"Bress de Lor, We Am Contraban."
Illustrated Civil War envelopes with patriotic symbols, slogans and cartoons, mostly Northern, including a few Southern ones.
Stereotypical depiction of two slaves celebrating the fact that they have been declared contraband. The words D. Murphy's Son, Print. 65 Fulton & 372 Pearl Street, N.Y." appear to the left of the image. The image is a reference to General Benjamin Butler's "contraband" policy, by which escaping slaves reaching Union lines would not be returned to slavery. Butler, a trained attorney, used Virginia's secession to argue that under international law that escaped slaves were "contraband of war" and he was not required to return them to their former owners."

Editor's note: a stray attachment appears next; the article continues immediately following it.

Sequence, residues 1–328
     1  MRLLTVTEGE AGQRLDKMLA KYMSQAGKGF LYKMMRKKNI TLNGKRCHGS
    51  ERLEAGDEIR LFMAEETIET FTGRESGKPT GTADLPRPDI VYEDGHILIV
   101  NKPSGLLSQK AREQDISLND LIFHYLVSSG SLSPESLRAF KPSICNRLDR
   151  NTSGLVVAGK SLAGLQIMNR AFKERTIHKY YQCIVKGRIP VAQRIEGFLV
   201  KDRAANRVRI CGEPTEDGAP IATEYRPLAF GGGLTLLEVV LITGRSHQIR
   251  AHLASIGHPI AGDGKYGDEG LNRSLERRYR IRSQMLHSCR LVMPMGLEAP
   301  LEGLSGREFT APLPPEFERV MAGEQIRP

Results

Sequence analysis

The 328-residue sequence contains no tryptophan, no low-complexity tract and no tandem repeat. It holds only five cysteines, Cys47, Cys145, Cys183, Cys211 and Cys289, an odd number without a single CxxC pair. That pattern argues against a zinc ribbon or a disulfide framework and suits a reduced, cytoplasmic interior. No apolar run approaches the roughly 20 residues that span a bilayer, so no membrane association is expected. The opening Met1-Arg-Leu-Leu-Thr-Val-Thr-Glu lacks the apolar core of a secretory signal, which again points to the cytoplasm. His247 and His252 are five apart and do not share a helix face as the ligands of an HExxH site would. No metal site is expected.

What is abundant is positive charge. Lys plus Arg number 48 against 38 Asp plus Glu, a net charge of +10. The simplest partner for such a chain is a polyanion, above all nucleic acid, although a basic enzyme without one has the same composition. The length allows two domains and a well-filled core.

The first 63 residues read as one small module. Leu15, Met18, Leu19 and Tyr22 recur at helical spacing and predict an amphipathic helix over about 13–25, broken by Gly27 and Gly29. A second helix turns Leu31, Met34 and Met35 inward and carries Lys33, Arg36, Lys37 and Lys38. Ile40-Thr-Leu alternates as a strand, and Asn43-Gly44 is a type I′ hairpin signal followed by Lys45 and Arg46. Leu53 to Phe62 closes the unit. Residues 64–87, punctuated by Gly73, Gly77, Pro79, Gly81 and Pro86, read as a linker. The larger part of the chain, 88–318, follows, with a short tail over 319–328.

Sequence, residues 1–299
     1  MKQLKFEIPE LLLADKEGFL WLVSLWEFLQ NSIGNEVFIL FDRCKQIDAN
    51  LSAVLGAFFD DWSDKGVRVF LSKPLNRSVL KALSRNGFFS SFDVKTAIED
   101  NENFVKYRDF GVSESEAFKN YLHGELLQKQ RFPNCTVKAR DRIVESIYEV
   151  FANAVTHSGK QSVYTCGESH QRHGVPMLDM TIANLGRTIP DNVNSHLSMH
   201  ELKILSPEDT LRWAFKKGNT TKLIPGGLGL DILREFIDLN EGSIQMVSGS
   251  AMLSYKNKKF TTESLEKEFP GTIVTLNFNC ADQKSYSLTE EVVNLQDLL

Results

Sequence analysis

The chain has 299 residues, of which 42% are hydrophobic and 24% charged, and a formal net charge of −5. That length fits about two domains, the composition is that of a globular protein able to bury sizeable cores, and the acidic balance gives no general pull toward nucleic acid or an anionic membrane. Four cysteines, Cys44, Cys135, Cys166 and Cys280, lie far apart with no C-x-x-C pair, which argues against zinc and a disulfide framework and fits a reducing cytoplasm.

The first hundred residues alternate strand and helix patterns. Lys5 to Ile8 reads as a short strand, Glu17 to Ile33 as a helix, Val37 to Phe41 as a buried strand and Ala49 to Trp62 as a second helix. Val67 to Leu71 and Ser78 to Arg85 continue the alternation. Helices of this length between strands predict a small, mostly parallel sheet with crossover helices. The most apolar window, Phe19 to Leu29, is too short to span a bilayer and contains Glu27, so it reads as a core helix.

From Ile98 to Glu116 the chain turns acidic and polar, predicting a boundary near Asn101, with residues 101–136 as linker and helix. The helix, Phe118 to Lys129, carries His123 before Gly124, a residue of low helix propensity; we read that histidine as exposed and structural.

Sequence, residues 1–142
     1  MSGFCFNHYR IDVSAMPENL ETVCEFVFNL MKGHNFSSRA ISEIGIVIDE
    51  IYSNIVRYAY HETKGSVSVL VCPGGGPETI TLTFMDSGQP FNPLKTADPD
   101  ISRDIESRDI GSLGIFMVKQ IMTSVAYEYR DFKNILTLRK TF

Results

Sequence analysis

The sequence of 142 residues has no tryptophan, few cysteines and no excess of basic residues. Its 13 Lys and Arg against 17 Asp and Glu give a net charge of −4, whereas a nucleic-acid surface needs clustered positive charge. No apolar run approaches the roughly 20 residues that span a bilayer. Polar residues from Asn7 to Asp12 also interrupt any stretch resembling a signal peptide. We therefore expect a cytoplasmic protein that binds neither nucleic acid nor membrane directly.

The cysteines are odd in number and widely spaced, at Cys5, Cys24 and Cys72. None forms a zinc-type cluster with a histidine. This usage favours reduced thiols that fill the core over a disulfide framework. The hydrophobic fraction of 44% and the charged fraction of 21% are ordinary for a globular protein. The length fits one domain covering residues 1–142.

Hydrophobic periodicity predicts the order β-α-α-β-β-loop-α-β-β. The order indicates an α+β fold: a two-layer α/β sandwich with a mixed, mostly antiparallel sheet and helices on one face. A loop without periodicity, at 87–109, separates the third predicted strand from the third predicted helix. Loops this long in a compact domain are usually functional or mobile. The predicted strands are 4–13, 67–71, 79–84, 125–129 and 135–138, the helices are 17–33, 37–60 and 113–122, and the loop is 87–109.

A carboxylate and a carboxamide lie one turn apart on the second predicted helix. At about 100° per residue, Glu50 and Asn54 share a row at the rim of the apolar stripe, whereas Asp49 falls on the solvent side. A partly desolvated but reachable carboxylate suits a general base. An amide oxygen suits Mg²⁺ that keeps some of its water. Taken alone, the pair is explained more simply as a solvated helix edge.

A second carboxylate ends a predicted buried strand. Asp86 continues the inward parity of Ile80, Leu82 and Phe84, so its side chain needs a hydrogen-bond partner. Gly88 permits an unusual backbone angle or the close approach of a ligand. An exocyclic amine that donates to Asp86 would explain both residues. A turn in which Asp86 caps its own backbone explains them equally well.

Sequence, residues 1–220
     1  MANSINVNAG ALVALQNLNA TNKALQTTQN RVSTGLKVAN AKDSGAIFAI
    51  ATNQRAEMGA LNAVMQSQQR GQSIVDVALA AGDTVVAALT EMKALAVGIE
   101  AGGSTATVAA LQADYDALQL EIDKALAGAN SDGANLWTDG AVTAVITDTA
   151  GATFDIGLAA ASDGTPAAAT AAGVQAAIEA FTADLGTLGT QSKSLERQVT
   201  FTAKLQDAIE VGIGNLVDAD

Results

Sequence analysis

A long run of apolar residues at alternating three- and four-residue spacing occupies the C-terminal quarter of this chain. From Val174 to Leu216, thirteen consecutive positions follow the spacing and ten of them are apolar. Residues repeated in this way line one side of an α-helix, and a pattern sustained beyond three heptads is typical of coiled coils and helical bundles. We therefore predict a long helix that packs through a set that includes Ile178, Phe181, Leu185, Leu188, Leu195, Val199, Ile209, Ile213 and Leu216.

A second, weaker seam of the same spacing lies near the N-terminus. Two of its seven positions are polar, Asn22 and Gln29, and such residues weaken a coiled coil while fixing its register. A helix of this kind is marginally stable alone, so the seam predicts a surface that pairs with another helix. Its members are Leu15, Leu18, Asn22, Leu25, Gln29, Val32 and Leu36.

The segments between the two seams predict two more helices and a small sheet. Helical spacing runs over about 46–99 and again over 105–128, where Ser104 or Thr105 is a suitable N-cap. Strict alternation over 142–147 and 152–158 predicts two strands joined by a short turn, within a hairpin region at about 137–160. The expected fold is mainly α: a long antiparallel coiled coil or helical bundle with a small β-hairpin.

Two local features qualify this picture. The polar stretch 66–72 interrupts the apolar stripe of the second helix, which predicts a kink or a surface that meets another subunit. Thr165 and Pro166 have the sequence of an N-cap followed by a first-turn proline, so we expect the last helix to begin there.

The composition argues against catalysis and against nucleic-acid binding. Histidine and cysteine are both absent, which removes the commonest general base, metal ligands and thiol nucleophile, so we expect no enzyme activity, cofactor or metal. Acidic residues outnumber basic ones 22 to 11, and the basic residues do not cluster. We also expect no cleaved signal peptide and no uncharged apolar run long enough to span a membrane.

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United States -- History -- Civil War, 1861-1865; United States -- Politics and government -- 1861-1865; Covers (Philately) -- United States -- History -- Civil War, 1861-1865; Envelopes (Stationary); Cachets (Philately); Patriotism -- United States; Freedmen; Butler, Benjamin F. (Benjamin Franklin) 1818-1893; Slave man; Slave woman; Slavery; United States Civil War; US Civil War; Patriotic envelopes; Contraband of war; Escaped slaves; D. Murphy's Son; New York;